6 Things to consider when buying a tow car

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Thinking of buying a tow car? Whether this is your first experience buying a tow car or not, there are things you should consider before you make the purchase. You don’t want to make any expensive mistakes because it will just tarnish the whole experience for you.

Let’s get on with it then…

Consideration 1:

I guess we should start with the most obvious… Can the tow car actually pull your caravan? Yes, there ARE rules about what cars can tow what caravans. your best bet is to do a Towsafe check to find outfit is a good combination.

Consideration 2:

Do you have the correct class on your driving license? I won’t go in to too much detail in this post as I already wrote about towing weights and license requirements here. To summarise it, if you got your license before 1st January 1997 or have surpassed your 70th birthday you may not be able to drive more than a combination weight (car + caravan fully loaded weights) of 4,250kg. Evidently it is worth checking the weights on both the tow car you are looking at and the caravan you own.

Consideration 3:

What are the running costs of the tow car? In April 2010 the government changed the road tax structure and many of the larger 4 wheel drive vehicles can now cost as must as £490 per year (correct at the time of writing). Be sure to do your research before you bite the bullet. Another running cost is the MPG (miles per gallon) the vehicle will achieve. You can find out using Parker’s helpful facts and figures tool, select the make and model of your car and then click on the running costs button. Remember that it will do less MPG whilst towing.

Consideration 4:

Does it make a practical every day vehicle? You may not always be able to answer yes to this question due to the size of your caravan, larger caravans are going to require larger tow cars and for some people a big Land Rover is just not practical for every day use. Some people I know have a separate car JUST for towing their caravan – It’s madness! I can’t see the sense in taxing and insuring two vehicles one of which gets used one weekend per month (maximum!). Think about it, do you really need two cars?

Consideration 5:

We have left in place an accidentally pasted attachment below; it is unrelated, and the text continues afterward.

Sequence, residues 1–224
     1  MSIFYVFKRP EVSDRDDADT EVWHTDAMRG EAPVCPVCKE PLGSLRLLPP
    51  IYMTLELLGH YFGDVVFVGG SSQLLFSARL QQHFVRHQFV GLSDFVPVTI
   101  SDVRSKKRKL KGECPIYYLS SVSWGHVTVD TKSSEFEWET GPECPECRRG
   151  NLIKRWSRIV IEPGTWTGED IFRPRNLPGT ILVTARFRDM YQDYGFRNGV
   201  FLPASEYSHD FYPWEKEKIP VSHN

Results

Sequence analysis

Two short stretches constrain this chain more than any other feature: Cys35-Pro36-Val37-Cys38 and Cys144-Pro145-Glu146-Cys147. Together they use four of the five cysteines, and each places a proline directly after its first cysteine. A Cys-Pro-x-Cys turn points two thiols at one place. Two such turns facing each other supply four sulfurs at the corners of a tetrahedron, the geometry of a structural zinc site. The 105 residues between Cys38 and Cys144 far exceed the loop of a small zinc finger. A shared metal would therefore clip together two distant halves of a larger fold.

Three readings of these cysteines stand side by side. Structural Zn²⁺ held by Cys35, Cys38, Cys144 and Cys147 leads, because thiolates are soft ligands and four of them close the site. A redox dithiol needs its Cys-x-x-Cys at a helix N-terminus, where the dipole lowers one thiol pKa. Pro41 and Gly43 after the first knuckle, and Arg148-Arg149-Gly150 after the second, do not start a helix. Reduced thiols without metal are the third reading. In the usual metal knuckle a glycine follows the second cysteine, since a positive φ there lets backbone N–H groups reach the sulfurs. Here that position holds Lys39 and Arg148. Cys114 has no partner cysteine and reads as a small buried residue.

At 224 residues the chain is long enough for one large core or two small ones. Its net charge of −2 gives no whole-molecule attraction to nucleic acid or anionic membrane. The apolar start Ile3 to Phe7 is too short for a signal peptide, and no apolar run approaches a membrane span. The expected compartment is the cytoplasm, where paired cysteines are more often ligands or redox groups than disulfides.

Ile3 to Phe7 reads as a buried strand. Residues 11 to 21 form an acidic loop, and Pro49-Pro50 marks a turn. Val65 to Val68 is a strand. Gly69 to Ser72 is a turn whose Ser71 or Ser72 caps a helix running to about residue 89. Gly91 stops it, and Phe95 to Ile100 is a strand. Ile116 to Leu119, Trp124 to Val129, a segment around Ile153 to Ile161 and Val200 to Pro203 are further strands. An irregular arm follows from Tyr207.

Does it have a tow bar fitted already? Having a tow bar fitted to a vehicle can cost from £200 to over £1,000 depending on the vehicle and where you get it done. If you can find a vehicle with a tow bar already fitted you can save yourself this cost. If you do have to have a tow bar fitted make sure to shop around, main dealers will charge double what most independent companies will. Do make sure to check if it will affect any warranties by having a tow bar fitted.

Consideration 6:

Have you performed a car status check? Hundreds, maybe even thousands of vehicles change hands every week. I am willing to bet that a very significant number of those vehicles have been written off or been stolen and maybe even have outstanding finance on them! I’d also bet that the owners of these vehicles are completely oblivious to this. For the measly cost of £20 you can find out all of this information – and it could save you thousands in the future. If a vehicle has outstanding finance on it when you buy it and the personal responsible for the debt defaults on the payments, the finance company has full legal right to repossess the vehicle from you without compensation. You can car status check at the HPI website.

Summary

I hope you found this list useful – do let me know if you have some other considerations you think people should think about in the comments section below.

Better still, if you have a tow car share your opinion of it with community by leaving your comment below.

I look forward to hearing from you!

Josh

Comments (3)
  1. Charlie Gilmour August 6, 2013
    • Josh Garrod August 11, 2013
  2. Lynda Frost September 6, 2017

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